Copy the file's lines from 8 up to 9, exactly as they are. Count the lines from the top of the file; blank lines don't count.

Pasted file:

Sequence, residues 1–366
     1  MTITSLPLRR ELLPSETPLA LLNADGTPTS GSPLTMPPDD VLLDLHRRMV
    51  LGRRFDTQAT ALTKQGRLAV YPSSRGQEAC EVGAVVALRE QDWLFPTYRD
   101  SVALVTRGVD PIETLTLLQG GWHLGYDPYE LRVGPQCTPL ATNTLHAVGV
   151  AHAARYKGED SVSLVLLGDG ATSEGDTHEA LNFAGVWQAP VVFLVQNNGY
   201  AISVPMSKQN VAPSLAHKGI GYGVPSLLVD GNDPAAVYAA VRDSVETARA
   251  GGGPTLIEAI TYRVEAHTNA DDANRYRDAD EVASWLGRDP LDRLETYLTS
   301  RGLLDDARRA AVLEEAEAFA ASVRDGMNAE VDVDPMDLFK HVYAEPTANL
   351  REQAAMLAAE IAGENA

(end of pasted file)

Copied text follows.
   301  RGLLDDARRA AVLEEAEAFA ASVRDGMNAE VDVDPMDLFK HVYAEPTANL
   351  REQAAMLAAE IAGENA